# Free parameters in the Standard Model

From my understanding of the standard model, I understand that there are 19 or 20 free parameters that we need to put in by hand as, and I'm guessing here, there is as yet no theoretical basis for calculating them. Examples that come to mind are the masses of the elementary particles, the electric charge on them...etc, all resulting from experimental results.

Two quick questions:

1. Does anybody have a list of these free parameters?

2. Does the Higgs boson also give us the freedom to choose a parameter value that allows agreement with experimental results?

Yes, wikipedia has a table which lists the 19 free parameters that need to be tuned by experiments. These include, as you already said, the masses of the elementary particles including the Higgs Boson, and some other notable ones are:

• CKM Mixing angles and CP-violation phase.
• Gauge coupling of the three symmetries (U(1), SU(2), SU(3)).
• Higgs VEV
• i thought there were also the masses of particles. John Baez says there are 25 "fundamental constants" in the Standard Model (and 1 more for the Cosmological constant) Mar 28, 2015 at 17:11
• @No worries, and tbf the table was hidden. Mar 28, 2015 at 17:11
• Well, properly, Newton's constant and the cosmological constant are "free parameters of fundamental physics" and not of the standard model, since the standard model does not deal with gravity. And the particle masses (or at least the combination of yukawa couplings hand the higgs VeV that determine the masses) are most definitely amongst these parameters. Mar 28, 2015 at 17:30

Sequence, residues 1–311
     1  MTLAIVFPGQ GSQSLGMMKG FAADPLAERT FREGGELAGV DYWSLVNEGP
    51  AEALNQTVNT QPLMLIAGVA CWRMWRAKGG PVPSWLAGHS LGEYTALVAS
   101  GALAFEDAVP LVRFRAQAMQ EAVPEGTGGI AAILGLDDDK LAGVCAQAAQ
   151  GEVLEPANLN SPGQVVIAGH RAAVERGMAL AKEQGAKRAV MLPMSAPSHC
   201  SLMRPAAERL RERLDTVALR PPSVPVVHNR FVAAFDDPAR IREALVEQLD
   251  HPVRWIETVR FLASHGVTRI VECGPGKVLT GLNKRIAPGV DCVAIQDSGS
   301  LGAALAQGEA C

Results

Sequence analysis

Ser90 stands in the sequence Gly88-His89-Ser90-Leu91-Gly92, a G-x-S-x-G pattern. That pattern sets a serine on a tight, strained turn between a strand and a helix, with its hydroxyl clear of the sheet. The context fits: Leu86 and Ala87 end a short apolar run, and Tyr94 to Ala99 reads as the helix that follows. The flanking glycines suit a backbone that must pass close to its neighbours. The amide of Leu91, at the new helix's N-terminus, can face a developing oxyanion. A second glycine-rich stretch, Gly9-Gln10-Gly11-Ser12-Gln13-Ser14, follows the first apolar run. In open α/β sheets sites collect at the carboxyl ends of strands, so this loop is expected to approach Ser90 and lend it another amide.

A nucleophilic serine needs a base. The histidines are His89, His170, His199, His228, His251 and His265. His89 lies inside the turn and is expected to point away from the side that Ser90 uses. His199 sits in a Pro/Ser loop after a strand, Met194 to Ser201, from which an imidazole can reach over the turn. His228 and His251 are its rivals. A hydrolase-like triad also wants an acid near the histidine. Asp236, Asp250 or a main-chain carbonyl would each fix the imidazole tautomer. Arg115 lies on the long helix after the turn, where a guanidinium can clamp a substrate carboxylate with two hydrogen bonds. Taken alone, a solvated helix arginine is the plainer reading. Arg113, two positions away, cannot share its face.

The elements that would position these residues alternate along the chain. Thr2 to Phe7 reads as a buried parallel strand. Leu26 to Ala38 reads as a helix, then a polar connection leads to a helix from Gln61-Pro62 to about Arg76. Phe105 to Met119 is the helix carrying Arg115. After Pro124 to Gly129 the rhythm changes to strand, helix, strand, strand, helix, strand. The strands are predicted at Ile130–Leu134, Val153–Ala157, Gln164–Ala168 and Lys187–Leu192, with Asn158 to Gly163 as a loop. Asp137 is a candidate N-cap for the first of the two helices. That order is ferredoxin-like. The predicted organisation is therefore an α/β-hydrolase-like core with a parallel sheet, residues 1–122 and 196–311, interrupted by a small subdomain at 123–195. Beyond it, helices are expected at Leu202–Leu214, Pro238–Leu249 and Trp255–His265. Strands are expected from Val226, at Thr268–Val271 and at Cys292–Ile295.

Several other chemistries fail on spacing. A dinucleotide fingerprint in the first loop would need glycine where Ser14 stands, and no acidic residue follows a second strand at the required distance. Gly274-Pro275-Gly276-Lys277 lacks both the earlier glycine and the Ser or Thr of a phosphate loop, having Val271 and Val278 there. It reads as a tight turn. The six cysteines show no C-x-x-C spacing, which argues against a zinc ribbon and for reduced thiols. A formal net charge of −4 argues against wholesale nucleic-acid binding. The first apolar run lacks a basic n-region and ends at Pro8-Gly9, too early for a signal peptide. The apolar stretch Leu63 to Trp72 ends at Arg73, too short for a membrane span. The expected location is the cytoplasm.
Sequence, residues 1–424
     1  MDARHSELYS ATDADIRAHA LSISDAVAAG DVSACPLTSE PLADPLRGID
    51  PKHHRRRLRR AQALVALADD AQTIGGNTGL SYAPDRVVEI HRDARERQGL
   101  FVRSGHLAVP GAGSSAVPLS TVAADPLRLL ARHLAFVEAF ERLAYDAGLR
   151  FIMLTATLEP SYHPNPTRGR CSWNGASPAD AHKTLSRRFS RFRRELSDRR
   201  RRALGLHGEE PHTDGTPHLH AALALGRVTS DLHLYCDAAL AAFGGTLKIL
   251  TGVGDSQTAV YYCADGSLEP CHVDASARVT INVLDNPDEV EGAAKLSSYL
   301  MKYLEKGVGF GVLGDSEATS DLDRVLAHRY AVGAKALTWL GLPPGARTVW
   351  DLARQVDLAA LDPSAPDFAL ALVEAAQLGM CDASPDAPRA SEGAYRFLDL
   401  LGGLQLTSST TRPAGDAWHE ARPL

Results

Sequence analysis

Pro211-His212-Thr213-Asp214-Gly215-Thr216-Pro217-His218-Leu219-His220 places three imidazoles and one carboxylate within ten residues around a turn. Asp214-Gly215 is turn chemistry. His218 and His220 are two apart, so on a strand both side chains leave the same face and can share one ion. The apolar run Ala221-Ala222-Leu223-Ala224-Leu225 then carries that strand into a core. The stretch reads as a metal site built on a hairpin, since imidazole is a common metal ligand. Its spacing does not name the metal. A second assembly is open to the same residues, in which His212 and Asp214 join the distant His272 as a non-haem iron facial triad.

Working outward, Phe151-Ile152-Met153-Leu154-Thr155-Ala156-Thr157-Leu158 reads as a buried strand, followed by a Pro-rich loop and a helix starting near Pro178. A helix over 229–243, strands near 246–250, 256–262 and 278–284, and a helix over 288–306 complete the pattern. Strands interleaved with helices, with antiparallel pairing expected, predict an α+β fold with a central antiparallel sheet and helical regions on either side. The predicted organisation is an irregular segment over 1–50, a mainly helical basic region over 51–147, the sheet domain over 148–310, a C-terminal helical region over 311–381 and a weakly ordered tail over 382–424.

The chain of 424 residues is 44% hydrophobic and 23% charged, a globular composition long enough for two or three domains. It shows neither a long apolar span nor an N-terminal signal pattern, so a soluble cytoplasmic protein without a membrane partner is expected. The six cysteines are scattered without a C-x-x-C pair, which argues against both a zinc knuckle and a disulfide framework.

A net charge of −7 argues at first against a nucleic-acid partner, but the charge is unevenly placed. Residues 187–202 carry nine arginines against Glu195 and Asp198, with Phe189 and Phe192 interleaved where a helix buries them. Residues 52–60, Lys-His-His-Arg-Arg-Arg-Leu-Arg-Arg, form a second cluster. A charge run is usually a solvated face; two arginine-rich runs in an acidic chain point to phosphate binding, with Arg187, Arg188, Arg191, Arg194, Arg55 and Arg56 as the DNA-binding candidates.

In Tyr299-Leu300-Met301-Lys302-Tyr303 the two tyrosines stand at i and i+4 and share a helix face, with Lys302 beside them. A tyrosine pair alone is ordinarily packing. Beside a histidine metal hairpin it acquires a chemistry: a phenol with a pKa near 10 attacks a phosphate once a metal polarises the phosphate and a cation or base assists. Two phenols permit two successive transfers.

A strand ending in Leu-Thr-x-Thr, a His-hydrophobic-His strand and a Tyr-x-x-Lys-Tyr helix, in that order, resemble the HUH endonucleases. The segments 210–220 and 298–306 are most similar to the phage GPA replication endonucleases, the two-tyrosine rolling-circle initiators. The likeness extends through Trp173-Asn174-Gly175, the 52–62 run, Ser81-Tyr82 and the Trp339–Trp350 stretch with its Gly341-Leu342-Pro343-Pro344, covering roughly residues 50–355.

• i took a look at comparing the table at Wikipedia to the Baez list. what about the "4 numbers for the Pontecorvo-Maki-Nakagawa-Sakata matrix"? is that in the list of free parameters of the Standard Model? Mar 28, 2015 at 18:59
• @PhotonicBoom: the table appearing in wikipedia is not correct. Either, you consider the Standard Model as in its original formulation with massless neutrinos and thus the 4 parameters of the PMNS matrix should not be listed (obtaining 19 parameters) or you add massive neutrinos considering both PMNS and the 3 masses leading to 26 parameters. Mar 28, 2015 at 19:53

In the standard model, technically neutrinos are assumed to be massless. According to special relativity they would travel at the speed of light, so they would be timeless and could not oscillate. Hence, the 3 neutrino masses and 4 mixing angles are technically not parameters of the standard model. However, in simple extensions to the standard model, these parameters are free as well.

It is important to note that the 19 parameters in Wikipedia's table are not the only possible choice to describe the 19 degrees of freedom. i.e there are multiple choices of parameters that span this space.

• Afaik the Higgs is part of the SM, wouldn't it mean that the SM has massive neutrinos and their Higgs coupling is part of the free parameters? May 13, 2017 at 15:35

I would add to that list the masses and mixing angles of the three known neutrinos, which are just as arbitrary as the others within the confines of the standard model.

This adds seven parameters to the 19 listed in the Wikipedia article

https://en.wikipedia.org/wiki/Standard_Model#Construction_of_the_Standard_Model_Lagrangian